14 Sep Did Aretha Franklin’s Last Wishes Get R-E-S-P-E-C-T After Will Fight?
Aretha Franklin died in 2018 leaving 2 handwritten wills resulting in an expensive legal battle between her children over which will would prevail. In July 2023, a Michigan jury decided her most recent handwritten will (written by her in 2014) found in a spiral notebook under a couch cushion of Franklin’s home by her niece (after the Queen of Soul’s death) was valid. None of her 4 children disagreed that both wills were in Franklin’s handwriting. Similar to Michigan law, handwritten wills (also known as holographic wills) can be valid under Texas law if wholly in the handwriting of the deceased (unlike type written wills).
Franklin’s first handwritten will was notarized and found in a locked cabinet. Lawyers for Franklin’s son, Ted White, Jr., argued since it was notarized and found in a more secure location that the 2010 handwritten will should prevail. The jury disagreed. As in Texas, Michigan law does not require notarization of handwritten wills. Furthermore, it does not matter where a will is found – even if found under the cushions of a couch as in this case. Notwithstanding the jury determination, the judge left open the possibility of incorporating some of the terms of the 2010 will into the 2014 will. This seems unusual to this author.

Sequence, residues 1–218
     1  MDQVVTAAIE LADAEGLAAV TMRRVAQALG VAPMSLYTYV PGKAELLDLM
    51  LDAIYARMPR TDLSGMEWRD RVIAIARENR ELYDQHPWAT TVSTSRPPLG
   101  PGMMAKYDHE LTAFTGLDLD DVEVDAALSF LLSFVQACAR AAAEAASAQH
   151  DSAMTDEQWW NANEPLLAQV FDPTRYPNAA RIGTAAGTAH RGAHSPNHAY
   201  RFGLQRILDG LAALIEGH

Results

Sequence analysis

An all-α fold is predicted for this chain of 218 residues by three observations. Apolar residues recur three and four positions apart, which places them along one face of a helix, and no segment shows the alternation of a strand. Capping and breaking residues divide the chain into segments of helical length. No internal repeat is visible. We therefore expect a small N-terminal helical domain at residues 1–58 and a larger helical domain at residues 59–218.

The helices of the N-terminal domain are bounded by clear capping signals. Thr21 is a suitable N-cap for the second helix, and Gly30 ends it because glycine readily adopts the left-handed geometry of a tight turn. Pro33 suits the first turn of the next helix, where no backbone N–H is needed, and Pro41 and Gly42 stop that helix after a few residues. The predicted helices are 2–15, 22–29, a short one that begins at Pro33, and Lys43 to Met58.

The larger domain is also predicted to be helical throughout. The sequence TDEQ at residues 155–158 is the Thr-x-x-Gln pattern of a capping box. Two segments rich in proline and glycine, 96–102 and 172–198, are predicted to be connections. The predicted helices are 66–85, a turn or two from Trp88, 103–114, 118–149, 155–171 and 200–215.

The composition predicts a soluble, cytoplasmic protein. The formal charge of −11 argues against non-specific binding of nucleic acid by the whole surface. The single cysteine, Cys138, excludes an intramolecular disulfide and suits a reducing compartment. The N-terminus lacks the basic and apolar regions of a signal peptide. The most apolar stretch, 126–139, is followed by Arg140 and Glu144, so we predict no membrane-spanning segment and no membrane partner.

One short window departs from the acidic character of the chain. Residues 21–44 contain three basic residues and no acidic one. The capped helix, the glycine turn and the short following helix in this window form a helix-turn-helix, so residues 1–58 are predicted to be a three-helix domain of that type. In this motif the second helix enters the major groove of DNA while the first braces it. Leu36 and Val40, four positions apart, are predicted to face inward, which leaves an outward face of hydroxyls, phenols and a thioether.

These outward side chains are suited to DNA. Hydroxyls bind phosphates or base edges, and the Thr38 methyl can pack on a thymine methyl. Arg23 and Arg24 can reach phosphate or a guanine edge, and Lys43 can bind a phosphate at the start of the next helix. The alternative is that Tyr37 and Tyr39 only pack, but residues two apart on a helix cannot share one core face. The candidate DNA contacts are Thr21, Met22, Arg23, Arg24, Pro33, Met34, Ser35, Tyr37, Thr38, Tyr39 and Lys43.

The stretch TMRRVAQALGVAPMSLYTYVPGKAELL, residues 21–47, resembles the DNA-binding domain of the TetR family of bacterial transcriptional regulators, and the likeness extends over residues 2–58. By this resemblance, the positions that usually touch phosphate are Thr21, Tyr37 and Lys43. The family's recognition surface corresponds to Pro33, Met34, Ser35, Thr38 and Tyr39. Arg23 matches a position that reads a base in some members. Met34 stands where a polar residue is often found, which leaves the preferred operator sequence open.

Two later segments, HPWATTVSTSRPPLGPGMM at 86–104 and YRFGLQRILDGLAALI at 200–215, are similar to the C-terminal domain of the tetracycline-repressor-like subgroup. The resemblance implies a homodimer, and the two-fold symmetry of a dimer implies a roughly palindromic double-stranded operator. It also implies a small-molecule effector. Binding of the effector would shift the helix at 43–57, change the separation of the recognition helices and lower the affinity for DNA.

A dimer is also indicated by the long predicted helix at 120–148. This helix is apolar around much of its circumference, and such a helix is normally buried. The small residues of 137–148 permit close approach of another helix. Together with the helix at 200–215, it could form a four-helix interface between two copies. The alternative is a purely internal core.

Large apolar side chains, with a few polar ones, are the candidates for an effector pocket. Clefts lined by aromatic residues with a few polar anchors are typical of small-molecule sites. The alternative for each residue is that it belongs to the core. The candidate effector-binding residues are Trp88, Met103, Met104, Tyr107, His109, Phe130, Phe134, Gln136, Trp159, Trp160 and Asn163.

Franklin’s first will provided that each of Franklin’s 4 sons (Ted White, Jr., Clarence Franklin, Kecalf Franklin and Edward Franklin) were to get a weekly and monthly allowance although Edward and Kecalf were required to take business classes and get a certificate or degree in order to collect from Franklin’s multi-million-dollar estate.
The 2014 will that was deemed valid provided that it was no longer required Kecalf and Edward take business classes and get a certificate. There was also a bequest of Franklin’s home (valued at $1.1 million at the time of her death but worth more now) and her cars (2 Cadillacs, a Mercedes Benz and a Thunderbird convertible) to Kecalf. Furthermore, the 2014 will provided equal shares of the residue to only 3 of her sons (her son Clarence was not included as he has a mental illness and presently has a guardian). However, Clarence’s brothers have all agreed to take care and provide for him. The Queen of Soul’s music royalties and licensing rights are the most valuable asset of the estate.
Although Franklin’s holographic will was deemed valid, it was a poor business decision to not have professional advisors (financial, attorneys and accountants) in her planning. The administrative and legal fees surely exceed $1 million – not to mention her estate has already paid $8 million to the IRS. Certainly there would have been clarity if an estate planner had prepared a will or trust on her behalf. Furthermore, financial advisors, accountants and attorneys could have given her options to reduce taxes. Franklin’s failure to plan also resulted in a rift between her children – not to mention the delay in settling her estate. Even online form wills are not state-specific. As a result, it is not unusual that the cost of probate is greater (far more than the cost of preparing in addition to the delay in settling the estate) when there is either a holographic will or an online form will. There is no certainty that the last wishes and intent of Aretha Franklin were followed. You don’t have to be wealthy to make sure your last wishes get the R-E-S-P-E-C-T you desire and make it easier for those whom you care about – it just takes a willingness to make sure your legacy will be honored.
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